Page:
For sake of this podcast being based in the State of Indiana, I primarily focused things on how this State deals with this Rule. The Slayer Statute, Slayer Rule here in Indiana can be found under our Indiana’s Code’s Probate Code – and specifically, it deals with this sort of thing kind of uniquely and actually, in 1983, a case went to the Court of Appeals here in Indiana to “test” how our Indiana Slayer Rule works. That case was Turner versus Estate of Turner and so we’re clear and get a firm understanding of things, let’s talk a little about the FACTS and what happened in this case so we can better grasp the Slayer Rule.

So, in this case, a son, Allen, shot and killed his parents in Johnson County, Indiana. The son, the following day, was charged with their murders. Through all the hustle bustle, Allen was actually found NOT responsible for the deaths by reason of insanity. This is an important thing to remember as we get through this episode – so, while he was CHARGED, he was not CONVICTED.


So talking about the parents’ Estate … it was uncovered that his parents did not have an estate plan – no Wills, nothin’. So, their Estate went by the intestate laws, which are the laws that govern when someone passes away without a Will, and those laws say their Estate goes to their three children – Linda, Janet, and Allen (the latter being the one that killed them). After their parents passed, Linda and Janet were appointed by the Court as the Estate’s Executors – once the initial paperwork shuffle was done, Linda and Janet, as Executors, asked the Court to terminate Allen’s right to inherit any portion of their parents’ Estate; therefore, they were saying that he shouldn’t receive his share … given what he did. They made this argument based on Indiana’s version of the Slayer Rule.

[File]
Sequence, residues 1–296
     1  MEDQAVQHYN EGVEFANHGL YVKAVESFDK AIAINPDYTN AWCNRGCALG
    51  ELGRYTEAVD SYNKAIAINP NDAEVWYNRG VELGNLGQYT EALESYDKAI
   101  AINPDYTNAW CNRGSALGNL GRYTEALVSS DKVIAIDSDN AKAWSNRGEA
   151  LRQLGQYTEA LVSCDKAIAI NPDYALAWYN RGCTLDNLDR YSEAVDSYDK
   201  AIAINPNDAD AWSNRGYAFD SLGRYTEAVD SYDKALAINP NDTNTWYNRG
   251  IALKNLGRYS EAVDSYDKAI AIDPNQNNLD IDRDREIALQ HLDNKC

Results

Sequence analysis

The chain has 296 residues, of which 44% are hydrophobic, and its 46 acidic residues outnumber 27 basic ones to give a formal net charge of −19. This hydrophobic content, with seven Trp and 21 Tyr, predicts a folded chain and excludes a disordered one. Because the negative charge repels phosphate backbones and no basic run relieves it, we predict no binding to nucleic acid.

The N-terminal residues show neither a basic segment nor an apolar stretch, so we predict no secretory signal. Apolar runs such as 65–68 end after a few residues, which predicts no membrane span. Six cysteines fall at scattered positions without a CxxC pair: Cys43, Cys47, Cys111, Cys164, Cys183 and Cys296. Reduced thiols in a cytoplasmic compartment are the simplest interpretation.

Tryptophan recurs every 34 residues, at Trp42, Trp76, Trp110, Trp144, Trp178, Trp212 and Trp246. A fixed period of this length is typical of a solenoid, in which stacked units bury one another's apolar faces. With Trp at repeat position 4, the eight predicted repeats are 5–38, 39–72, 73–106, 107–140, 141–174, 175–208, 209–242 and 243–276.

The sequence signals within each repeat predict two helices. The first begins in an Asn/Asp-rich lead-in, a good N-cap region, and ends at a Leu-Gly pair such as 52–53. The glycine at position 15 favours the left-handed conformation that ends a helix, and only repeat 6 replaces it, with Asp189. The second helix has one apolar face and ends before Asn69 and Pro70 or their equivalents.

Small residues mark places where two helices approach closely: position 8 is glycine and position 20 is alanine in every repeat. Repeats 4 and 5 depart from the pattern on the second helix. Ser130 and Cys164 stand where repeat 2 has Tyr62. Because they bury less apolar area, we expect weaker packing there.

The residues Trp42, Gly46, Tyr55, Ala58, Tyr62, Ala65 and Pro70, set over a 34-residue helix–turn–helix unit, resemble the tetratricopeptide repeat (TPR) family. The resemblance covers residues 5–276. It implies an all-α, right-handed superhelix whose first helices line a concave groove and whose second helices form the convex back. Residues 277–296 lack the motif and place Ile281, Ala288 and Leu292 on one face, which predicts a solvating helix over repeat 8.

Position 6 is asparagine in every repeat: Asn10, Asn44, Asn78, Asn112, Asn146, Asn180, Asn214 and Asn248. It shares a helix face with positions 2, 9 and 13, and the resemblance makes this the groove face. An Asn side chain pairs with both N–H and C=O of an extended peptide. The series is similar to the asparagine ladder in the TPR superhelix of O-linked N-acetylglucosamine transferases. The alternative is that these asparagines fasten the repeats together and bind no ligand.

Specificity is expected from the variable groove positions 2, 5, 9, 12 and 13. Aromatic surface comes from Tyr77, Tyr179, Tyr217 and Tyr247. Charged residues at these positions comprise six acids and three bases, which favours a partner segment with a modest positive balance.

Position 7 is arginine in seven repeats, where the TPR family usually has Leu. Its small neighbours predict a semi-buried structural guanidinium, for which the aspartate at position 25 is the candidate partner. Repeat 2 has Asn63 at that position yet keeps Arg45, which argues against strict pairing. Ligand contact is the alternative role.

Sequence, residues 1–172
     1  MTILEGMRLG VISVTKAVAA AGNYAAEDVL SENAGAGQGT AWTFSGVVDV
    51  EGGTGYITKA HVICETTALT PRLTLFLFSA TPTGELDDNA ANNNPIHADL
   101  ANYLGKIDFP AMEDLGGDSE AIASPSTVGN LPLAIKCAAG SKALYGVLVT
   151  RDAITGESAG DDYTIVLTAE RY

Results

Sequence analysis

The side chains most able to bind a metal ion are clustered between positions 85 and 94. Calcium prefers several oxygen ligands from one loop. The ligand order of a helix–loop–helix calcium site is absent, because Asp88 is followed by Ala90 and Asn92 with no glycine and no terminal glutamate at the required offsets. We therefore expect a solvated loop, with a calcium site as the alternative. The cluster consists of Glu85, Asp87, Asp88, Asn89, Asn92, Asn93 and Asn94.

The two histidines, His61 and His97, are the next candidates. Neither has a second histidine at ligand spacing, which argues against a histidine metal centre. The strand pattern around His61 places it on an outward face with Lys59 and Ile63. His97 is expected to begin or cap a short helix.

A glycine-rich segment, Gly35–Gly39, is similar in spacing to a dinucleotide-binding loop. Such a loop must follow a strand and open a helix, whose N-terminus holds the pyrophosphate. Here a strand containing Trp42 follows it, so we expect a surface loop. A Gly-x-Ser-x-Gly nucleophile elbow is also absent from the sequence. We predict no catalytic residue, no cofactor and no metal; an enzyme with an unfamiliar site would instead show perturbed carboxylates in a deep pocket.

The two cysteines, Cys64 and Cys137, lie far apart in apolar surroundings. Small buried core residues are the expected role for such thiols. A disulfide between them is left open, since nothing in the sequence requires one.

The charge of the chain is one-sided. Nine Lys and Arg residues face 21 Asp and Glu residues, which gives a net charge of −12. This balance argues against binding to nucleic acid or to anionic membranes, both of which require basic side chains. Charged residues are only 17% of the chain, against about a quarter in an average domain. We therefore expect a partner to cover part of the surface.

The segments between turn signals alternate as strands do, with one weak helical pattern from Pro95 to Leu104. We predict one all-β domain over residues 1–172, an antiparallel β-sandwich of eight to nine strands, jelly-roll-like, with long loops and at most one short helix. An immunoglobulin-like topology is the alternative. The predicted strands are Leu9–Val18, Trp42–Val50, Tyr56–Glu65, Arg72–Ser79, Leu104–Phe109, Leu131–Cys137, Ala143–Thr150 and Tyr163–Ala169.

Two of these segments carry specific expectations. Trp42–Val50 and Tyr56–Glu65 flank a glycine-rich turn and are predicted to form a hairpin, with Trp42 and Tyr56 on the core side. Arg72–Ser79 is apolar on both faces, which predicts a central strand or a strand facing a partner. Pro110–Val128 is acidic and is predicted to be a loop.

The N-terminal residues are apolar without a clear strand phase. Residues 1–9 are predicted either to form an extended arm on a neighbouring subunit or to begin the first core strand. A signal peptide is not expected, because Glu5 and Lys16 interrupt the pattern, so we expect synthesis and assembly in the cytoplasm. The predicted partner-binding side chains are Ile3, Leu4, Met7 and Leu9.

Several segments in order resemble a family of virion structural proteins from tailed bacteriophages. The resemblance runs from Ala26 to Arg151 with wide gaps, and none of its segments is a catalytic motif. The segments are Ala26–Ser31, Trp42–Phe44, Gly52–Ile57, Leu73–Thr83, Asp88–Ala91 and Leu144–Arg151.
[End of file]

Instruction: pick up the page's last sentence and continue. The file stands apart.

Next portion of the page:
The Court heard their argument and sided with them – meaning that, the Court said “Nope – Allen doesn’t get anything given what he did.” Well, Allen appealed their decision to try and get a different outcome. Would you believe me if I told you that the Court of Appeals DID come to a different conclusion – and said that Allen SHOULD be entitled to his share of his parents’ Estate? Well, believe it – because that’s exactly what happened. Why? WELL, they hung their hat on that our state’s Slayer Rule requires an actual conviction – and here, Allen was not convicted. He was charged, but ultimately found not guilty by reason of insanity. So, they basically said that because of his lack of conviction, the Slayer Rule is not even applicable.